Kim Wilde is in love. No kidding, great love. It was her brother Ricki who brought Prince Charming while she was in the studio for this album. "I present to you an American friend, Fairlight III, descended from a family of American musicians. From now on, between him and me, it's life to death."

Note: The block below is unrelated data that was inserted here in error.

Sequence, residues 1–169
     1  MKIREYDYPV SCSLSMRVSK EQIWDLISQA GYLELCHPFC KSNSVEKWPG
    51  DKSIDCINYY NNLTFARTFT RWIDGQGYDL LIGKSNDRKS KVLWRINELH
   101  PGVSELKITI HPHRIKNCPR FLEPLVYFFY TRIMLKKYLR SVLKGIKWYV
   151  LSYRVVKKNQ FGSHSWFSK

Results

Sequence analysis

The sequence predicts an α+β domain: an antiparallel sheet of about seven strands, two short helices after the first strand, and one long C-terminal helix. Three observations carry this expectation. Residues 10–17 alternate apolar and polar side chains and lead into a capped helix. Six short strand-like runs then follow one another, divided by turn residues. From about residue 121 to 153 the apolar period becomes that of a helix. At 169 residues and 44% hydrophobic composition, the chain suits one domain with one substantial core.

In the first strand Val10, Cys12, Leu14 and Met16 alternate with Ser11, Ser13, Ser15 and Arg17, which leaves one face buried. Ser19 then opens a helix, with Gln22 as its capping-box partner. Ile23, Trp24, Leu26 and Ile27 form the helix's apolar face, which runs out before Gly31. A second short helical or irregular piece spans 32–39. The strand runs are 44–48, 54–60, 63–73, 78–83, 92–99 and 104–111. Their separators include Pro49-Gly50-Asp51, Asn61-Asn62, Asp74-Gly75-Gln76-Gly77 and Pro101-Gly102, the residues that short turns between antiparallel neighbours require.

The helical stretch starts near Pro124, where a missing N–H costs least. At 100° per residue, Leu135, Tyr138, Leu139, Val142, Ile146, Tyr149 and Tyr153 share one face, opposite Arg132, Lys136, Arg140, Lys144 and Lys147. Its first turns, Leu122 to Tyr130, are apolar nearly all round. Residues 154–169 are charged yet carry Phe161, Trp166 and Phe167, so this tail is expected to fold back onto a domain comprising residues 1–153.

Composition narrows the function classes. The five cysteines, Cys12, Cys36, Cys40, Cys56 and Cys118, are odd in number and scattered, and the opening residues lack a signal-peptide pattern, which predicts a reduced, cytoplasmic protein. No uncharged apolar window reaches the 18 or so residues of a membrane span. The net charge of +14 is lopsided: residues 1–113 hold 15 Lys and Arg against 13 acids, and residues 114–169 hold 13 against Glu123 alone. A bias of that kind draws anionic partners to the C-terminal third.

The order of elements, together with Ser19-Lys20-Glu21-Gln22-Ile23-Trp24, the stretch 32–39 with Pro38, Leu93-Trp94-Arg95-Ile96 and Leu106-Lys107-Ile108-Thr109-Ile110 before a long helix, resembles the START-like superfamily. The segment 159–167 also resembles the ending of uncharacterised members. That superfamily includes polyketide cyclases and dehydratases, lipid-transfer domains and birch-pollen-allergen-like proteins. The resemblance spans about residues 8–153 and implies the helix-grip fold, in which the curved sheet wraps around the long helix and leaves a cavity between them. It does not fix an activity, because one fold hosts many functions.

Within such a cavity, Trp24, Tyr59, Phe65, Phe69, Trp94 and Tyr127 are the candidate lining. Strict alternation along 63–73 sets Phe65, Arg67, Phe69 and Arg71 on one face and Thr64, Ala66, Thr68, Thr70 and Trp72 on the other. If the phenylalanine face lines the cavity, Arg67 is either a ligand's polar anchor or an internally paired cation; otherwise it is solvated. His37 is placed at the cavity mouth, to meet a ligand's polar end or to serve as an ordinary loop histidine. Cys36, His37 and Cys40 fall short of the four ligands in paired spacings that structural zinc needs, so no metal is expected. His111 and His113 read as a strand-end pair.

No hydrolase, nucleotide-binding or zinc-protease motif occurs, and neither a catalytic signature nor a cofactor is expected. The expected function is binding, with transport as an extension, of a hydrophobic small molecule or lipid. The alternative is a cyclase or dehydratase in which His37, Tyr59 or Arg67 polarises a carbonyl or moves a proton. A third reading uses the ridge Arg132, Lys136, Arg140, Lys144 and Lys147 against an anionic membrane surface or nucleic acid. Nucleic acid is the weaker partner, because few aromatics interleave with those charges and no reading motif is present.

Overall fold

So Kim got used to it and, although finding it somewhat mechanical, fell in love with the beast. The trio began to build the album: twelve tracks of which only two, produced by American extras, were boxed without the help of the invading lover. Fairlight on soulful titles like Stevie Wonder ("Say You Really Want Me"), Fairlight on the beautiful anti-racist ode entitled "Missing", Fairlight still on the hit, "Schoolgirl" ... Fairlight everywhere, Fairlight coming almost to erase what this album has more compared to the previous ones: an identity, feelings, something other than the systematic search for the radio hit as before. Here, we are finally interested in the texts, the most beautiful being from Kim herself. Here, we do not beat all the titles on two measures and, if the A side remains conventional, the B gives way to a full panel of music that the little English girl wanted to rub shoulders with. That's it, Kim is an artist who can manage her career and succeeds quite well. The latest news is that her brother couldn't hide from her any longer that the Fairlight was a machine, so she fired him. Unfortunately a little too late, after the ravages it causes on this first ripe album of an artist who is far too badly considered.